How to Navigate the National Formula Shortage

Finding infant formula during a national shortage is stressful, but this information can help families in Metro Detroit and Ann Arbor feed their kids.

The nationwide shortage of baby formula is forcing families to consider a difficult question: What do you do when you can’t feed your infant?

For parents of infants who cannot breastfeed, infant formula is vital to keeping a baby nourished and healthy. Babies cannot eat anything else — especially not homemade or diluted formula, say medical professionals.

Finding infant formula has been challenging for families, says Alexandra Danko, a nurse practitioner and lactation counselor for Henry Ford Health System in Metro Detroit.

“Pretty much daily, we are getting inquiries about where families can purchase formulas from,” Danko says. “So that is something our population has been affected by.”

The formula shortage began with supply chain issues related to the COVID-19 pandemic, but evolved into a national crisis after a life-threatening bacteria was found in formula produced by Abbott Nutrition — one of the largest formula producers in the nation — and its facilities in Sturgis, Michigan, closed temporarily.

Why is the formula shortage so impactful?

For families who are not breastfeeding, infant formula is the only nutritionally-appropriate food choice for a child under the age of 1, says Poj Lysouvakon, the pediatric director of the Well Baby Unit and an associate professor of pediatrics at UChicago. “Formula in this country is controlled by the FDA (and) formula is formulated to have the right mix of nutrition and calories.”

Roughly 30% of babies under six months were given formula either as a supplement to breastfeeding or instead of breastfeeding, data collected by the CDC found.

For those families who rely on infant formula, the empty shelves in the grocery store pose a huge risk.

What shouldn’t families do when faced with the formula shortage?

First and foremost, the American Academy of Pediatrics says caregivers should never dilute formula to make it last longer, attempt to make their own infant formula nor feed cow’s or goat’s milk to a baby under six months old.

Diluting infant formula can change the level of sodium in an infant’s brain, which can cause seizures, something that Lysouvakon has unfortunately seen. Using powdered milk as a substitute, a common base for homemade recipes online, is also not safe.

Due to the formula shortage, however, certain things that would not be typically recommended are being considered. Children over six months of age may be given cow’s milk for no more than one week, as the cow’s milk does not contain enough iron, says the AAP.

Using formula from other countries that is not FDA-approved also carries risks, says Lysouvakon.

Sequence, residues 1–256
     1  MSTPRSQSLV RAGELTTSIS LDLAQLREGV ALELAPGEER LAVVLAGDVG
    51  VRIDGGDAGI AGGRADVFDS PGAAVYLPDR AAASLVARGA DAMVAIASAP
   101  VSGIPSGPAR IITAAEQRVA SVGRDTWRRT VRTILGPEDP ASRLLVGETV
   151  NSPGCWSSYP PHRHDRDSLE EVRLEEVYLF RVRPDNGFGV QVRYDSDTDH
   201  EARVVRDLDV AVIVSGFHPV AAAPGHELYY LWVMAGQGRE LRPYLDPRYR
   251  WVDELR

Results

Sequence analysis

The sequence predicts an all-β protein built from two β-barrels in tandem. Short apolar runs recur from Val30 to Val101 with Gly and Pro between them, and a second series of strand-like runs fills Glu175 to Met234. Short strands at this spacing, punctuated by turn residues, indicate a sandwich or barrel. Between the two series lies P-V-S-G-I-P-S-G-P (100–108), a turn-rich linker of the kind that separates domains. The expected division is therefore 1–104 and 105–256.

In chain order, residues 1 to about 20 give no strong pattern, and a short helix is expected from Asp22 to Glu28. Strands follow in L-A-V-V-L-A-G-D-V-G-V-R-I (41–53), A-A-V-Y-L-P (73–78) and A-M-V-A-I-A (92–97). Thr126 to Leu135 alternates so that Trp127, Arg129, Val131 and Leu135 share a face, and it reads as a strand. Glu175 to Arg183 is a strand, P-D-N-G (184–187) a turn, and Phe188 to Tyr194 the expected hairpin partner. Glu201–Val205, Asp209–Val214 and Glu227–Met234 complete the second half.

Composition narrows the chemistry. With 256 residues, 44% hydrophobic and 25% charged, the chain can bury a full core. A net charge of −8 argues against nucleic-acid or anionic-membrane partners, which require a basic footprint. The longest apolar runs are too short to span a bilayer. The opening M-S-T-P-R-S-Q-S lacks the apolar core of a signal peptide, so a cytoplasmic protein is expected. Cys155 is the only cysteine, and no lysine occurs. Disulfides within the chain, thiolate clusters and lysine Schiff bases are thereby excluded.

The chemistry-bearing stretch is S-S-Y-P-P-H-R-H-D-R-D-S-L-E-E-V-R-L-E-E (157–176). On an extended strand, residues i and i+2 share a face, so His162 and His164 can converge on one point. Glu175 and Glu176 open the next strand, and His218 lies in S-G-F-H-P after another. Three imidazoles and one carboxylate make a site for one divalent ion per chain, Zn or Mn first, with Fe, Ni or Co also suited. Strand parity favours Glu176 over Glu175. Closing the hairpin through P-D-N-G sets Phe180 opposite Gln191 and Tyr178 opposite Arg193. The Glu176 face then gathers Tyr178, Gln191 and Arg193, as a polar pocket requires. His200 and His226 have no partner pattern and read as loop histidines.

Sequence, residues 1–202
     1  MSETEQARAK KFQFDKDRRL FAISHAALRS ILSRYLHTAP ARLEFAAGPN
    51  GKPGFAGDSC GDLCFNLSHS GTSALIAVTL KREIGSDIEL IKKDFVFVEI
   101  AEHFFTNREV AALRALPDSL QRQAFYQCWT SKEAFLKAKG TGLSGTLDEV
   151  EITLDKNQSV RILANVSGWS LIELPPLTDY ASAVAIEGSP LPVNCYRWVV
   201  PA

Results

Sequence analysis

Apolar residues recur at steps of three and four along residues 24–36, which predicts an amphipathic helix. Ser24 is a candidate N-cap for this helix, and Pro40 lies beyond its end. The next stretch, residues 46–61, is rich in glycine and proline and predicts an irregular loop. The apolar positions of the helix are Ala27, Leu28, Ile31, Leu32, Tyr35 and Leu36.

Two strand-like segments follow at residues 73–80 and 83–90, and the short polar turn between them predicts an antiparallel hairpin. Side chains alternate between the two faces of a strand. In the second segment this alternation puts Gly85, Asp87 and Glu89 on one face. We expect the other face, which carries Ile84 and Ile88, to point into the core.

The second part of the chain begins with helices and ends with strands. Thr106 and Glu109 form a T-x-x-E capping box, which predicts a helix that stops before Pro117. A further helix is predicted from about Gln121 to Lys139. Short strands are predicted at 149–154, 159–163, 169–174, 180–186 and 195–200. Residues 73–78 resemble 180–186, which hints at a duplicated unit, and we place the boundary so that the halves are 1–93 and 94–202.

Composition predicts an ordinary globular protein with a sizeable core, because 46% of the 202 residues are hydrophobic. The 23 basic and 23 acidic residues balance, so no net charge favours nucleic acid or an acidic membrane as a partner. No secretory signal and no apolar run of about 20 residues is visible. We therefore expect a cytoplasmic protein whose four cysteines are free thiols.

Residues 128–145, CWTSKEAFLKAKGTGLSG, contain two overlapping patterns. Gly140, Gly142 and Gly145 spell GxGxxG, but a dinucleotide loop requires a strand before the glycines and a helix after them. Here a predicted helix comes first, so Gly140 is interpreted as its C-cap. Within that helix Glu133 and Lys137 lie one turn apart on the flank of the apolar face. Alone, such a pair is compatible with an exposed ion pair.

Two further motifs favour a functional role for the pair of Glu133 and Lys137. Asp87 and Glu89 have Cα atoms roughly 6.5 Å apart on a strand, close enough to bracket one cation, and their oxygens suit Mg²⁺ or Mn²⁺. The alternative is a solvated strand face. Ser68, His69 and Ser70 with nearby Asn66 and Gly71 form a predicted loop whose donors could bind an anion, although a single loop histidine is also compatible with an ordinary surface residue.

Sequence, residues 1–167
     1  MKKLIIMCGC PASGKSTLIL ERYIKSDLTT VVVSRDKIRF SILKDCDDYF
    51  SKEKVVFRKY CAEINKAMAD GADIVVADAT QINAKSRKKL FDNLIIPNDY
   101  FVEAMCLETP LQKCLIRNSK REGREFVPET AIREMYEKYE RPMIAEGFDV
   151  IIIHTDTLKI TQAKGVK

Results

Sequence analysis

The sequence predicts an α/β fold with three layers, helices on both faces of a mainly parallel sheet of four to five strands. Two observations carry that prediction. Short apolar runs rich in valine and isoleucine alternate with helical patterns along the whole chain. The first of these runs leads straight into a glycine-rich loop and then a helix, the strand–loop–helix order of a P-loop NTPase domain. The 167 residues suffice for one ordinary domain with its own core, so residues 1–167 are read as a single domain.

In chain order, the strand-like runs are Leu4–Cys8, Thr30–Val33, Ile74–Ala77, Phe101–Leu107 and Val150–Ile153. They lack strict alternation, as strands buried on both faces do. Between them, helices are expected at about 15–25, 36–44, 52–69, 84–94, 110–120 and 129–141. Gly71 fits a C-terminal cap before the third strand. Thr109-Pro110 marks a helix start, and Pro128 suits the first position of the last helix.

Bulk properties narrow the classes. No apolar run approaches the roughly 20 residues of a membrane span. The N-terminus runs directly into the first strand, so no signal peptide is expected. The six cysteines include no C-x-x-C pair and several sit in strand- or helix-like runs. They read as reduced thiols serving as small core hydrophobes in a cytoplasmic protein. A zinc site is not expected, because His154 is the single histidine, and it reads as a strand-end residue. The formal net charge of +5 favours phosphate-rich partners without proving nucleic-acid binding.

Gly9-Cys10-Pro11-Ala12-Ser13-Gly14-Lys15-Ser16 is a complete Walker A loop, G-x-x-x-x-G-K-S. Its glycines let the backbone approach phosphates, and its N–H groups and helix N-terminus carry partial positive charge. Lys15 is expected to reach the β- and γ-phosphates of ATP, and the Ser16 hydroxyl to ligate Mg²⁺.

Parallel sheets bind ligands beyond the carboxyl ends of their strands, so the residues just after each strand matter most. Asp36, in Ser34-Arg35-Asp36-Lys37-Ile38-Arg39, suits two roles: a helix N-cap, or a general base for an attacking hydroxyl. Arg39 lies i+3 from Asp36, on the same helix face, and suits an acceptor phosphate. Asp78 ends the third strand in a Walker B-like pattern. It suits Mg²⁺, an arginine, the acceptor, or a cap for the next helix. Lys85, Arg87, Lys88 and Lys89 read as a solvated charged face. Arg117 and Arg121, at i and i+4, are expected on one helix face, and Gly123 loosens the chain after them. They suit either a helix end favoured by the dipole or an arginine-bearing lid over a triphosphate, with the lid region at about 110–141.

“Do not use imported formulas not improved by the federal government,” he says. “We don’t know if it’s being made in a safe environment.”

What resources are available for families looking for formula?

“Your best source is your pediatrician,” says Lysouvakon. Pediatricians can give families information about accredited milk banks, WIC office numbers, which may know which accredited stores have formula in stock, and other helpful knowledge on what to do when low on formula.

Pediatricians sometimes have access to formula samples to give to patients, too, as is the case for some Henry Ford Health System sites, says Danko. Looking at larger stores like Costco or Sam’s Club and buying generic formula has also worked for some families, she says.

The other option for families is finding a breast milk donor, but Danko says using donated breast milk requires the recipient to do some research.

“Have a conversation with the donor to make sure the breast milk is considered safe,” she says. “Some things to ask include what their lifestyle looks like, recreational drug use, if they are taking any medications that could harm the breast milk and do they have the capacity to store the breast milk at the proper storage requirements.”

While the formula shortage has caused a huge amount of stress for families who rely on it, there are other parents looking to help like the mothers with excess breast milk who have offered it to others on social media.

“Leveraging your social networks via social media can be a source of help,” Lysouvakon says.

There is only one accredited milk bank in Michigan and its donated milk is solely used for babies in the hospital system. In Chicago, the Mother’s Milk Bank of the Western Great Lakes is available to the public.

Using donated milk that has not been screened comes with risks. Accredited milk banks pasteurize and screen donated breast milk, so if you acquire breast milk from a donor, talk to your pediatrician about steps to do at home to make it safer.

The Department of Health & Human Services suggests locating the nearest Community Action Agency, calling United Way’s 2-1-1, and looking to see if an accredited milk bank is near you if families still need help locating food for their baby.

You may also find donated breastmilk near Detroit at the following locations:


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